I read this in an Indian American magazine titled: H-1Bs—The Best And The Brightest?
“What is this notion of the best and brightest? For one, it is the most conflicted banality of the moment. The term is generously used by liberal politicians and business leaders to make the case for H-1B immigrants, but the phrase has a long history of ideological righteousness much reviled by conservative politicians. The Wall Street Journal reported that IITs(Indian Institutes of Technology) were ranked fourth behind Stanford, Harvard, and University of California for incubating the most number of students who formed billion dollar startups in America. Many folks I talk to tend to provide anecdotal evidence of at least one H-1B engineer they know, or they’ve heard of, who performed sub-par at his/her job—who had poor communication skills, did not speak up at meetings, was behind schedule, delivered an inadequately thought-through product, required more training, or had deplorable personal hygiene habits.”
Nanamma tells Moksh in the afternoon that she never sees him do his homework and that she will start monitoring him starting tomorrow at 3:30pm everyday. Moksh replies, “That’s what you always tell nanamma, but you are always sleeping in the afternoon.” I am cleaning the kitchen as they talk and I am careful with my poker face, although I am dying with laughter.
I am invited to a Meet and Greet US Congress Candidate, [redacted] who is competing in the special Georgia elections for the seat now vacated by Tom Price who is the Secretary of Health and Human Services in the Trump cabinet. I forward this to my 86-year-old friend and she sends a reply from her iPad, “I would love to come and meet him. I would give anything to capture that congressional seat..”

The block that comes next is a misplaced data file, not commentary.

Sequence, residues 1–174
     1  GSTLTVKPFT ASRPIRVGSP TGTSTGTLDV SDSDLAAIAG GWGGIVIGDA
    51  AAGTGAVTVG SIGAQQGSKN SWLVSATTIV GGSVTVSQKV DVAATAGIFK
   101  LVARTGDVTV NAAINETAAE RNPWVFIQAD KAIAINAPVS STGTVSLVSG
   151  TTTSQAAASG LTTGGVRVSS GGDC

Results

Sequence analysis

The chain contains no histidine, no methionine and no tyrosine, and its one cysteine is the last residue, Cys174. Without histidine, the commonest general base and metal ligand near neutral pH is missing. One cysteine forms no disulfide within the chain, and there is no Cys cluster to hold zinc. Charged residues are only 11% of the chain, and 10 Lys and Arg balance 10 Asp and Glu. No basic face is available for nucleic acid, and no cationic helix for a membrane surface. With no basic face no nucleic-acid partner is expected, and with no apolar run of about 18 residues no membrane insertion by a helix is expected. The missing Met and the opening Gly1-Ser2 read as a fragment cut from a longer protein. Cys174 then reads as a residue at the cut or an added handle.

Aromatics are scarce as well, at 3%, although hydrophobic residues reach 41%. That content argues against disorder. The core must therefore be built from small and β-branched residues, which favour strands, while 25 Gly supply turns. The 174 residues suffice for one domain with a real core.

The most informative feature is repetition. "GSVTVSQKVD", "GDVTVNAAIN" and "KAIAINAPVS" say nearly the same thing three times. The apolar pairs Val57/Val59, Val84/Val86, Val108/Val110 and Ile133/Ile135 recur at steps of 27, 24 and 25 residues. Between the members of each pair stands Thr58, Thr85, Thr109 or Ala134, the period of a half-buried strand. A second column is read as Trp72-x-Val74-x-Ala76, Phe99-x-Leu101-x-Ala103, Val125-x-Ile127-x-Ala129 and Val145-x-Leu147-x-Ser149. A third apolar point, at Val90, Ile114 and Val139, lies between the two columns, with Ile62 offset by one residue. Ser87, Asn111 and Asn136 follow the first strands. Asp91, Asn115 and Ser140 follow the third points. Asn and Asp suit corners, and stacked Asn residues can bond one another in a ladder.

As Ky comes back from school and is getting ready to leave for tennis after eating a snack, life’s a frenzy around the kitchen island. Moksh just bit into his lower lip while eating snack and is crying at the kitchen sink. Ky tells me about a city called “Shanipur or is it Shantipur or Shani Shanipur or something” in India that his Social studies teacher had showed them this morning, where no homes have doors or locks ever. Nanamma wants to know where the gasket, a rubber ring that’s used to seal the lid of a pressure cooker, is, and she is at once asking and searching for it in every single shelf while also telling Ky she knows about Shanipur and “might have visited it, or maybe she isn’t so sure. Oh, hold on, it’s Shani Shingnapur”. Ky exclaims, “I think you are right nanamma.”
After Ky comes back, we head to the temple for the discourse. As we are driving off from our home, my neighbor John, says “Bye, Roseanne Barr!!” and I laugh. He and his wife think I am wickedly funny and should try out the local stand-up circuit. While driving, I show Ky “Mohammed Anas thanks ‘wife and girlfriend’ (full interview) by SuperSport” and he shows me “Positively Pregnant by Studio C”. The video has this description: Am I pregnant? Are you?? Huh? I’m confused. Are you?? Well get ready for MORE confusion as we talk the possible reality of new babies!!!
As I am about to hit the sack, an uncle in India sends me this picture of Hanuman, the Indian Monkey God who is a symbol of physical strength, perseverance, and devotion, with a caption “Good morning!” My local time is 9:45pm but to his defense its 6:15am in India.
Continued on Thursday
* * *
About The Article Author:
I see myself as an advocate for bringing social, emotional and character development to families, schools and communities. I never want to let this idea out of my sight – Our children are not just GPAs. I’m a Writer and a Certified Master Coach in NLP and CBT. Until 2017, I was also a Big Data Scientist. In December of 2044, I hope to win the Nobel. Namasté.
Write to me or call me. Tell me what support from me looks like.
Program Director & Essential Life Skills Coach for Kids and Busy Parents
The Indian American Life